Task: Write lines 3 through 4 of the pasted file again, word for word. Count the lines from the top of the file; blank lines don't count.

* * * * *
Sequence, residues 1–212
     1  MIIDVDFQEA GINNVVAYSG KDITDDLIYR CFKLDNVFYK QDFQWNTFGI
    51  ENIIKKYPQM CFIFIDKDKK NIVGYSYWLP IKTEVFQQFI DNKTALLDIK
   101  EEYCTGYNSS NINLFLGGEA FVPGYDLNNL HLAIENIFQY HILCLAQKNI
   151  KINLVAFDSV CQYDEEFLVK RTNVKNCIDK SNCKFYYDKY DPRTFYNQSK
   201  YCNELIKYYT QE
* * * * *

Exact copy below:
    51  ENIIKKYPQM CFIFIDKDKK NIVGYSYWLP IKTEVFQQFI DNKTALLDIK
   101  EEYCTGYNSS NINLFLGGEA FVPGYDLNNL HLAIENIFQY HILCLAQKNI